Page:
What’s Being Done to Stop It
Opioids are a kind of drug that is used to relieve pain. They can be prescribed by doctors, but many patients are becoming addicted, turning to the streets to buy them. Types of opioids—both legal and illegal—include:
Opioid abuse has become a serious issue in Maryland. It has forced Governor Larry Hogan to declare a state of emergency in response to the opioid problem that is “ravaging communities in Maryland and across the country.”
“We need to treat this crisis the exact same way we would treat any other state emergency,” Hogan stated. “This is about taking an all-hands-on-deck approach so that together we can save the lives of thousands of Marylanders.”
In 2015, 1,259 total deaths occurred from alcohol and drug intoxication in Maryland. Of those, 86 percent died because of opioids. In fact, opioid overdoses are now at the top of the list of things people die from in Maryland (next to cancer, stroke and heart attack).
As the percentage of opioid deaths continues to climb, officials in Maryland have passed bills to help those living with an opioid addiction, including the Start Talking Maryland Act and the HOPE Act.
The Start Talking Maryland Act
This law ensures that kids learn about the serious dangers of opioids in schools through educational programs.
The HOPE Act
This law will:
- Force the Behavioral Health Administration (BHA) to create a special treatment center for people with an addiction before June 2018
- Give people more access to naloxone, a special drug that reverses an opioid overdose
- Give people who provide health services to the community money for the next three years under a provision called Keep the Door Open
- Make hospitals create new rules for how they treat people with an addition when they leave hospital care
Other opioid-related bills passed include:
- HB1432, which places a limit on the number of opioid painkillers a doctor can give to a patient per visit
- SB539, which is a law that sets new punishments for distributing fentanyl
How is Jai Medical Systems helping?
In keeping with the rules set by the Maryland Department of Health and Mental Hygiene (DHMH), we are starting a new “prior authorization requirement” for certain types, strengths and combinations of pain medications.
Patients will need to complete and submit an Analgesic Opioid Prior Authorization Form before they can be approved for a new prescription for the following:
- A fentanyl patch
- A long-acting opioid
- A quantity of opioids totaling more than 90 MME per day (including cumulative amounts of medications totaling more than 90 MME)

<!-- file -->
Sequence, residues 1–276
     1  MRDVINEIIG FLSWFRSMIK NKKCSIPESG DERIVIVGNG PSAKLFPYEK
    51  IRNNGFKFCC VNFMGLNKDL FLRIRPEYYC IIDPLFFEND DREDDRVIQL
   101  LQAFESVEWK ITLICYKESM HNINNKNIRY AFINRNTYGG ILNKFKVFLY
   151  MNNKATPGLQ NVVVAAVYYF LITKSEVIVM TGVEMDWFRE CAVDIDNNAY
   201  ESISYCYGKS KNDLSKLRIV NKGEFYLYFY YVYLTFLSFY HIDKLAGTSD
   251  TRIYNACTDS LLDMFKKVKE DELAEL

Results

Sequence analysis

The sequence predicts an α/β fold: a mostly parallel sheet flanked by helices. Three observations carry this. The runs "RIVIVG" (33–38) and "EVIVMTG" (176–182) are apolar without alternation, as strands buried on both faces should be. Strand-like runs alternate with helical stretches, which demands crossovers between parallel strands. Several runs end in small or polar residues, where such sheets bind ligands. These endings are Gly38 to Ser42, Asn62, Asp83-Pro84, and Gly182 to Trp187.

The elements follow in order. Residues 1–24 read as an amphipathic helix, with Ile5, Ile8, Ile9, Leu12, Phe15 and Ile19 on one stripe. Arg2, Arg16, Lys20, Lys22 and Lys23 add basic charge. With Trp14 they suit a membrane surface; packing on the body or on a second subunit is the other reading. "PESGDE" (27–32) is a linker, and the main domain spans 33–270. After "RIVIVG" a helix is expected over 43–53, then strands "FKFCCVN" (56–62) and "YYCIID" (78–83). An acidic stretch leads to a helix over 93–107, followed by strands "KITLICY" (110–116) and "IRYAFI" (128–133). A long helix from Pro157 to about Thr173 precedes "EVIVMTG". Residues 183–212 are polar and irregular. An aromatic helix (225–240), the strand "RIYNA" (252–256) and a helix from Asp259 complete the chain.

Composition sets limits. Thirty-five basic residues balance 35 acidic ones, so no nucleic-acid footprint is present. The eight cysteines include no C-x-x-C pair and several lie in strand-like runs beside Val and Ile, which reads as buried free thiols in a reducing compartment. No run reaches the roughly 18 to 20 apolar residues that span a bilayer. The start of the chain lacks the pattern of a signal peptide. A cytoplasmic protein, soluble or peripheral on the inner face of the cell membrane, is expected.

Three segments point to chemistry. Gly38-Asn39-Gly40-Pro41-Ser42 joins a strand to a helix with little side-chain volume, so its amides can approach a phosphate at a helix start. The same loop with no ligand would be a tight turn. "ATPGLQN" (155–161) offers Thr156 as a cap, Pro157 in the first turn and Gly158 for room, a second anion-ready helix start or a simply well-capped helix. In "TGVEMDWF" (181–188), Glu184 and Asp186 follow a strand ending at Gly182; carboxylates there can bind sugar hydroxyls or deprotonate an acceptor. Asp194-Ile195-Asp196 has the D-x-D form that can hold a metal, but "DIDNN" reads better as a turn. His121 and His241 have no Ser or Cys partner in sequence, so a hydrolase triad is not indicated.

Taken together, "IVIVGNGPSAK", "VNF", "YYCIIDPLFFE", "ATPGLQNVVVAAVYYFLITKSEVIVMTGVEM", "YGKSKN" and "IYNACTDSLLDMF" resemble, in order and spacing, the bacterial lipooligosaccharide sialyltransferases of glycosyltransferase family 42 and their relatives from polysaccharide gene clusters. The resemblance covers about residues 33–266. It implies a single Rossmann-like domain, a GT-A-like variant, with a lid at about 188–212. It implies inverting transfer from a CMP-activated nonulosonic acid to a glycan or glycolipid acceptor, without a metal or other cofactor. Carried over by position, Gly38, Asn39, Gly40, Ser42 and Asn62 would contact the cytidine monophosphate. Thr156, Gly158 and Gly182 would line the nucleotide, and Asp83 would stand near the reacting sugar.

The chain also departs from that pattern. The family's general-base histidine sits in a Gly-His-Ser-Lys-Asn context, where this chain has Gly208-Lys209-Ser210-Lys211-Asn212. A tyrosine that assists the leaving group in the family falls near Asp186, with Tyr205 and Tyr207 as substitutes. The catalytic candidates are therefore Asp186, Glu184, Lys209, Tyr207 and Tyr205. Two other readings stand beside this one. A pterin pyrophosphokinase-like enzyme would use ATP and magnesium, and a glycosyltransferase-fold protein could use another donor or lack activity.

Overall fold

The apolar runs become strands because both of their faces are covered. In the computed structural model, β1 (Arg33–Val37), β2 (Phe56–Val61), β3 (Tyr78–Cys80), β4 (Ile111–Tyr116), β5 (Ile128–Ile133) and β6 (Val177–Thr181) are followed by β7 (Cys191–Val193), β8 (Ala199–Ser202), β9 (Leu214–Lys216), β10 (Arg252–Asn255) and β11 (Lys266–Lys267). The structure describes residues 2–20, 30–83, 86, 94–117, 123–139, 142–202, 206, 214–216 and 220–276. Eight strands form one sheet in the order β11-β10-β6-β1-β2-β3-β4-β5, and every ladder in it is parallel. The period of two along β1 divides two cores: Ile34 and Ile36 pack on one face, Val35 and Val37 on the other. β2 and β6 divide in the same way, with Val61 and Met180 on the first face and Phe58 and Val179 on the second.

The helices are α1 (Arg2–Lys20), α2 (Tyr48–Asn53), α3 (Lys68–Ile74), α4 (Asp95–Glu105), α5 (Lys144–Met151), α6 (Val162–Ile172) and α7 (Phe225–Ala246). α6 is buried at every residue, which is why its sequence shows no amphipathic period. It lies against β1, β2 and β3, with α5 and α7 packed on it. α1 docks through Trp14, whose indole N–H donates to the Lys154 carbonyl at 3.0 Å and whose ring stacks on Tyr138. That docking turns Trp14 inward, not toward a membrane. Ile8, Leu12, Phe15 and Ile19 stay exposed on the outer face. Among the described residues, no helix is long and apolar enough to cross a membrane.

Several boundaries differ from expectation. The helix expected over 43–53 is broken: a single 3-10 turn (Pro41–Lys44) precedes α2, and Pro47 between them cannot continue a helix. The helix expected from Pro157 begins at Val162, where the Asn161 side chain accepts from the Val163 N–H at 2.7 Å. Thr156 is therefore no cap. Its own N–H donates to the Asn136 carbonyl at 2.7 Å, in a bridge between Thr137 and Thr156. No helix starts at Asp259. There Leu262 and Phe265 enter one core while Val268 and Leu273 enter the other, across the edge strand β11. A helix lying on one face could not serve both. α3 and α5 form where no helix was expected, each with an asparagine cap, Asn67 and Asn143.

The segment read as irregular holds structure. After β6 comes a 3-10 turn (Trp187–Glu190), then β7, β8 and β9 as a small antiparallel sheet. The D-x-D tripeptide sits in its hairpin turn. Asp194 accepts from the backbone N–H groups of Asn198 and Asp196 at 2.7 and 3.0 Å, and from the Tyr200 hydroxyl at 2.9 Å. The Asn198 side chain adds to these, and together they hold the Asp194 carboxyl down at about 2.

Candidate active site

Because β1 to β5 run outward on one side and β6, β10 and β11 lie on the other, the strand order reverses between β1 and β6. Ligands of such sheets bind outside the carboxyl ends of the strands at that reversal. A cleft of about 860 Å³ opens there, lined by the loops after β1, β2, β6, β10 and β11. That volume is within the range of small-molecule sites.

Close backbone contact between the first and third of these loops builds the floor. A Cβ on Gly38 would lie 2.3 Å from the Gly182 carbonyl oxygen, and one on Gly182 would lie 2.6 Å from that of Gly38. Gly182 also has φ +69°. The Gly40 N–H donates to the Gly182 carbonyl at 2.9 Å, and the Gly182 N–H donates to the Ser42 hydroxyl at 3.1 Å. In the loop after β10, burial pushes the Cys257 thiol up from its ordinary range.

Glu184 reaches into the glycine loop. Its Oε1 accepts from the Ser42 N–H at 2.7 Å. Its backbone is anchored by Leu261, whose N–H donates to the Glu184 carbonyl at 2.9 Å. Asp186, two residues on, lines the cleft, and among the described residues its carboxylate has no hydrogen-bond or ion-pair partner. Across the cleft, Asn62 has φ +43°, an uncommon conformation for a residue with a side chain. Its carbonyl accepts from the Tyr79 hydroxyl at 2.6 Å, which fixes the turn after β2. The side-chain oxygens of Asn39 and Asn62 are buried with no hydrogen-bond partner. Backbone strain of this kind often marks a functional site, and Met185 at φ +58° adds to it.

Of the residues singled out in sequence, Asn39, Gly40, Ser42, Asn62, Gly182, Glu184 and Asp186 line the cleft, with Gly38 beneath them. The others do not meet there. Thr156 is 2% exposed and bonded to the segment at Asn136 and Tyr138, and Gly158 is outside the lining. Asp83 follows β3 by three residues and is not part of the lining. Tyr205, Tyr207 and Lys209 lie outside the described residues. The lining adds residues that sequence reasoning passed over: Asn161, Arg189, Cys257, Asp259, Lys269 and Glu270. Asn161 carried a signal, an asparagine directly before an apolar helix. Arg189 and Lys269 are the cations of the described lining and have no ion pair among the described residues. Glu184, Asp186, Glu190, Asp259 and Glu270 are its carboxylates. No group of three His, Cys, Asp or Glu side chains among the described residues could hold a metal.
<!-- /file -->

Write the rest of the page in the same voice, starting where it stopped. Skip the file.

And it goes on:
- Methadone for pain
Patients with an existing prescription for these medications must also complete the form before July 1, 2017. The form can be found here.
Opioid Crisis Update
The Commission on Combating Drug Addiction and the Opioid Crisis was recently created when President Donald Trump signed an Executive Order (a statement from the president about how federal agencies use their money and time). The Commission’s job is to figure out ways to treat drug abuse, addiction and the use of opioids.
“The opioid crisis is an emergency, and I’m saying officially right now: It is an emergency. It’s a national emergency. We’re going to spend a lot of time, a lot [of] effort and a lot of money on the opioid crisis.” stated President Trump. He also told his administration to “use all appropriate emergency and other authorities to respond to the crisis.”
Opioid addiction is still a very serious problem in the United States. This is especially true for Maryland, where the number of people dying due to drug and alcohol issues has multiplied greatly since 2010. In fact, the overdoses in Baltimore alone made up over a third of the overdoses for the state in 2016, resulting in 694 deaths. The highest number of these deaths is because of heroin mixed with fentanyl (most of the time without the heroin user knowing it), which is far more deadly than either drug by itself.
To start dealing with the crisis in Maryland and throughout the United States, the Commission has suggested changing some of the rules in Medicaid, such as making naloxone (a drug to reverse opioid overdose) more available. Officials in Maryland have also taken steps to fix the problem, including creating phone hotlines for people to call for treatment and making naloxone available without needing training or a prescription.
More changes will likely come over time to help get the opioid problem under control in Maryland and across the country.
If you or someone you know is addicted to drugs and/or alcohol, please contact Jai Medical Systems today for more information on how to get help. If you see someone who you think may be experiencing an overdose, call 911 immediately.